The Richest Man in the World Speaks in Las Vegas

Bill Gates spoke in Las Vegas on January 7, 2007. Arriving almost four hours early guaranteed me a seat about 100 yards from the speaking platform. Thank goodness for big-screen projection. The crowd and the lines were something like a Rolling Stones concert. Except there were more geeks. About an hour from the start of the program I doubted they’d be able to get everyone into their seats… but magically they did. And the speech started pretty much on time.

As the start of the keynote presentation for the 40th Anniversary Consumer Electronic Show approached, I wondered how much humor, if any, Bill Gates would use. I expected that he would use humor in some way to open his talk. As I watched him speak it was obvious that, although brilliant, he is not a comedian. In fact his use of humor from the platform was minimal, but he made it obvious to me that he does have a good sense of humor. Remember that a sense of humor is more than just telling jokes. And even in a speech that is far from an award-winning example of humor from the platform, there are some good lessons to be learned. (more…)

Humor for Selling Products and for Selling Your Message

Twenty to thirty years ago, humor was commonly used to sell low-priced products. We remember Mr. Whipple squeezing the Charmin and Clara Peller asking “Where’s the beef?” Today, when you watch TV, you’re likely to see humor being used to sell automobiles. Over the years, advertisers have gained a greater appreciation of the value of humor for feeling good, building relationships and selling products. And so have speakers come to appreciate the more sophisticated value of humor for selling their message. (more…)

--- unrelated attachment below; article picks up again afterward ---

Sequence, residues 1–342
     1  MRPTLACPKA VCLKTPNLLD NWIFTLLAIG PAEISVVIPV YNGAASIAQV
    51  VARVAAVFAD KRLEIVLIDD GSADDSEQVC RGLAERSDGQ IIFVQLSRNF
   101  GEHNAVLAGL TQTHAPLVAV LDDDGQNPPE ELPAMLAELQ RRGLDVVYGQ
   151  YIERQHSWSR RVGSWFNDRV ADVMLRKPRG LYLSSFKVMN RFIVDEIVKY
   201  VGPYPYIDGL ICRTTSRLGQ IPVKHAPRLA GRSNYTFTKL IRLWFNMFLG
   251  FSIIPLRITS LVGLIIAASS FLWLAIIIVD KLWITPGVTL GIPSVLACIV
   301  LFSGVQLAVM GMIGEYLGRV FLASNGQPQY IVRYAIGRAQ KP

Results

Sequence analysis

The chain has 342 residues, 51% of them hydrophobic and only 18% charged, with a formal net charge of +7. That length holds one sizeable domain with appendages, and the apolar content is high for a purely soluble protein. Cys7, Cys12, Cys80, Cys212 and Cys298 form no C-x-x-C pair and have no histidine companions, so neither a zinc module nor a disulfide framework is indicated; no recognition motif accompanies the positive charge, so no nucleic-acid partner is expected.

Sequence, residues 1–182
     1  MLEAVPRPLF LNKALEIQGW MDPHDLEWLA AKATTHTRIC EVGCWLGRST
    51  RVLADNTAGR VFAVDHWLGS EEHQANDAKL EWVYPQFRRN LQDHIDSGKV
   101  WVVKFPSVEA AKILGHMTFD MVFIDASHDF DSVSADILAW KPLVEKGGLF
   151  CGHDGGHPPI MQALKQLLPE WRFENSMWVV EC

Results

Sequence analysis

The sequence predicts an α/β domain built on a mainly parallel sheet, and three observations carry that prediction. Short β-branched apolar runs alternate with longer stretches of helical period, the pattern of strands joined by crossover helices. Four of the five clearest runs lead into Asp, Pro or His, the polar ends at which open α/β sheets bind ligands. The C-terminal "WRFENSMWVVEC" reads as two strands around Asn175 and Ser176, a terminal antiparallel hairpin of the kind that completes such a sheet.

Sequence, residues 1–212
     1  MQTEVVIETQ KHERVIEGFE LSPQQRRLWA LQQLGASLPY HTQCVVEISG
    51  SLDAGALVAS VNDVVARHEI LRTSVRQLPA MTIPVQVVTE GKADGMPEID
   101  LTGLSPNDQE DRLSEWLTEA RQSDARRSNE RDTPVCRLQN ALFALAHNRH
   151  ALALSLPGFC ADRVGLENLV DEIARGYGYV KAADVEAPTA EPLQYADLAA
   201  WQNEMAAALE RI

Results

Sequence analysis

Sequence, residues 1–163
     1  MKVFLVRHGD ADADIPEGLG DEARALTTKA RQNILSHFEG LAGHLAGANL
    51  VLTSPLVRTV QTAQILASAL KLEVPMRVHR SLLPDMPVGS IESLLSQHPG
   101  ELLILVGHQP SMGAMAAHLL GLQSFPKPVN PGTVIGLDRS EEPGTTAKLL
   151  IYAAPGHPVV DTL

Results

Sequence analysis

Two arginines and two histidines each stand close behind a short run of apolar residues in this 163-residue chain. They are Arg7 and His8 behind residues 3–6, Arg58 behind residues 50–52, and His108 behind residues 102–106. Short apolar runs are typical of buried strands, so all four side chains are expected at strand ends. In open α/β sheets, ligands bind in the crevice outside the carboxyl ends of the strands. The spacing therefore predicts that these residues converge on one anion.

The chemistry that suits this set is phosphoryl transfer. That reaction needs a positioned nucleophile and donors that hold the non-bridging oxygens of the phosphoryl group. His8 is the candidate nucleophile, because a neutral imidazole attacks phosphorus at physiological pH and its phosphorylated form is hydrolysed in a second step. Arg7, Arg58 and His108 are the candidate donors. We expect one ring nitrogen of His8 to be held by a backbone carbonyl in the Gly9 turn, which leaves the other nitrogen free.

When They Do Not Laugh—What Do You Do?

by John Kinde

The eyes of your audience are fixed on you. You deliver your best new humor line. They stare at you in silence.

It has happened to all of us. It will happen again. What do you do?

The conventional wisdom from experienced professional speakers is valid. Pretend you were serious. Humor, properly delivered, should be a surprise. If you told them a joke was coming (telegraphed your punchline), you probably did it wrong. Delivered properly, since it was a surprise, they didn’t know it was supposed to be funny. So don’t let them know that YOU thought it was funny. The “look of expectation” is what gives you away. It’s that look on your face which begs for a laugh. Begging is not a gesture that connects you with your audience! (more…)

Show Me the Funny!

If there’s one thing I’ve learned in 30 years of studying humor, it’s this. You CAN learn to be funny. Some people think you need to be born funny, the class clown. I’m a laid-back, serious, Norwegian from North Dakota and I’ve won humorous speech contests at the Toastmasters District level four times and three trophies at the Regional level representing the funniest of 10,000 people. If I can do it, you can do it. And if you don’t look funny or have a reputation for being funny…great! You’ll take advantage of the element of surprise, one of the basic elements that makes humor tick.

In this special report I’ll refer to some activities in Toastmasters Clubs that are relevant to both Toastmasters and non-Toastmasters. If you’re not a member, consider checking our a club in your local area. Visit the Toastmasters’ website: http://www.toastmasters.org (more…)